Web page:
Sound familiar? At first blush, it sounds reasonable — do we really want unelected judges, instead of our elected representatives, deciding national policy? The problem is that those representatives are hardly “ours” or even fairly “elected.” Wealthy people like Barrett may feel well-represented in the halls of Congress, but most people do not. An “impartial” judge who fails to see that distinction will deny judicial remedies for disenfranchised and oppressed people, putting them in a double bind. That’s why this idea, this shield that Barrett will try to use, must be broken.

Whether as a lie (when used cynically) or fanaticism (when truly believed), the idea of judicial impartiality persists despite centuries of the courts, stacked with rich, white men, upholding slavery, Jim Crow, mass incarceration and police violence, the execution of kids, internment of Japanese-American citizens, treatment of women as property, sterilization of intellectually disabled people, and every other atrocity imaginable. It’s why organizations like the ACLU will likely not take a formal position on Barrett’s nomination and why liberal advocates regularly bite their tongues at oral arguments and call Brett Kavanaugh “Justice.” Beyond misguided decorum, the real danger of the lie of judicial impartiality is that many people may simply watch the Barrett confirmation hearings and hope that Democrats or “moderate” Republicans will do something meaningful for once, and that if Barrett is confirmed, they may then resign themselves to the rightward drift of the Supreme Court.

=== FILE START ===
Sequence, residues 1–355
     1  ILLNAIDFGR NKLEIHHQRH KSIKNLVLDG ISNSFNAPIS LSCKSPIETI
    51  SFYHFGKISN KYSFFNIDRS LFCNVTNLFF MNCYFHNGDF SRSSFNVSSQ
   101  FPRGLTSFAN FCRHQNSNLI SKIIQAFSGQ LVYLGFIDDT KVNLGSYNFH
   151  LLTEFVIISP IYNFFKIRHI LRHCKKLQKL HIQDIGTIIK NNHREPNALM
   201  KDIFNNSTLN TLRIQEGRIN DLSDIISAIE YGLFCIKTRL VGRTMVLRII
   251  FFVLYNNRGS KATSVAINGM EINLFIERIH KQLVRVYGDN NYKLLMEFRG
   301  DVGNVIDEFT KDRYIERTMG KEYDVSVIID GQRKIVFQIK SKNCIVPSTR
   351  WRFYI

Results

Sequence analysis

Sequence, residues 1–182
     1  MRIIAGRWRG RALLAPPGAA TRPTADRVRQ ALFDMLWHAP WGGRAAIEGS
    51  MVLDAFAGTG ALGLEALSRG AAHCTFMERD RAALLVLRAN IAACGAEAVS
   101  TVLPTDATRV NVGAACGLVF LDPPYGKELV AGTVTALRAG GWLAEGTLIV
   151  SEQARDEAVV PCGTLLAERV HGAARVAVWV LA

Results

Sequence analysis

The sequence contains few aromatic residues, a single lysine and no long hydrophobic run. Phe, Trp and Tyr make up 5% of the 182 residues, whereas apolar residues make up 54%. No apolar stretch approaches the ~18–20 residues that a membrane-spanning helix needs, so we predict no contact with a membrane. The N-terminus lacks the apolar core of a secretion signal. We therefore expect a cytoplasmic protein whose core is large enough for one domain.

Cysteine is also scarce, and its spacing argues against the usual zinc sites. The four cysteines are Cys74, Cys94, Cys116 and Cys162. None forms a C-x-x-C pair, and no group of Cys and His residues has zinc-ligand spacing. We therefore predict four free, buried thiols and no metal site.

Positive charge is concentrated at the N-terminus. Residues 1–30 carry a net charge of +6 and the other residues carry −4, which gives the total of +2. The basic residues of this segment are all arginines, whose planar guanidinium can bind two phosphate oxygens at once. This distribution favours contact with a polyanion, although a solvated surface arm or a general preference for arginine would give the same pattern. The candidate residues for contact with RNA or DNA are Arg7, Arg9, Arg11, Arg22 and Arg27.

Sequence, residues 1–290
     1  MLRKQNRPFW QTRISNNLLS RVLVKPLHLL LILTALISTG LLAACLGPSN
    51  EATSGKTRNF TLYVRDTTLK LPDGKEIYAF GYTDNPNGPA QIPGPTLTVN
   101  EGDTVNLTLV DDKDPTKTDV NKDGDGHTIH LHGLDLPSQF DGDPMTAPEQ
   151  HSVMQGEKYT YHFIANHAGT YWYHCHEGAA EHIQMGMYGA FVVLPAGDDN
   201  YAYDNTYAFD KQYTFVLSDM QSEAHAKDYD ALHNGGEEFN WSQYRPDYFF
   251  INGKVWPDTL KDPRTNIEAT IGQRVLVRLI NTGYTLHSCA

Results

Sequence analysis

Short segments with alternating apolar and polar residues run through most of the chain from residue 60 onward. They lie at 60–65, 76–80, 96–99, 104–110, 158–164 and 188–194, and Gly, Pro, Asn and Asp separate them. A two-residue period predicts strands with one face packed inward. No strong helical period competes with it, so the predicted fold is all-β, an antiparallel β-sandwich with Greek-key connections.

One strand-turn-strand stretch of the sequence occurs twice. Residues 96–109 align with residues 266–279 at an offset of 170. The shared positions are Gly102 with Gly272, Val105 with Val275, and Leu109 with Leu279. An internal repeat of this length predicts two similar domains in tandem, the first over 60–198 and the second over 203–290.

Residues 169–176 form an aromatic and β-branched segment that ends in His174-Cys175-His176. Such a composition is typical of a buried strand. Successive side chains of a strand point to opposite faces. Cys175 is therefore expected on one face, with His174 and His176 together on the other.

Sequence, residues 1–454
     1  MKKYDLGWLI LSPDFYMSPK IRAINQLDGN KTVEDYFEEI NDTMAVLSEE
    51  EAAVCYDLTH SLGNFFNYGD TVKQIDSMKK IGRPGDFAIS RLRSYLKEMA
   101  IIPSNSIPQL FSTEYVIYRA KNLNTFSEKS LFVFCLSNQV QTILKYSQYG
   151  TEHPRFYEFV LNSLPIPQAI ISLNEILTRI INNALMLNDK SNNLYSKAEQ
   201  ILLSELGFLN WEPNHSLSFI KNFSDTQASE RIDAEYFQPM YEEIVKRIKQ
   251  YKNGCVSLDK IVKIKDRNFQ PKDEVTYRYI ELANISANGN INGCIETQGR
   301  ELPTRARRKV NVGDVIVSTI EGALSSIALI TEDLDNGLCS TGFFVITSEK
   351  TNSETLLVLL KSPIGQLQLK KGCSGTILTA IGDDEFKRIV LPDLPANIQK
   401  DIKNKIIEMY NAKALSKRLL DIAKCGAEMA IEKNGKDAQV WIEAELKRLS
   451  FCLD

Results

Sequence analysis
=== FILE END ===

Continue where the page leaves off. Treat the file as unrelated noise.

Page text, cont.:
History shows that mass resignation is not inevitable. Roe v. Wade is the law of the land because of the women’s liberation movement, which was racking up victories in states across the country throughout the 60’s and 70’s. The movement’s influence was so great that of the four justices appointed by Nixon to the Supreme Court, one of them wrote Roe itself, and two of them joined the majority!

That’s not to say we should expect the same of Barrett and her ilk. Our situation may end up being closer to a different historical episode, when the Supreme Court, facing the greatest strike wave in U.S. history and an unprecedented threat to “pack the court” from the most popular president in U.S. history, threw out decades of judicial doctrine and upheld federal labor rights legislation during the Great Depression.

People will have to figure out the tactics and strategies that fit the unique dynamics today. But to begin that process, we first have to reject the lie — not just from Barrett, but across the legal establishment — that judges are impartial and the courts are apolitical. Shaping the law of the land is within the grasp of ordinary people, and it’s time for us to close that hand into a fist.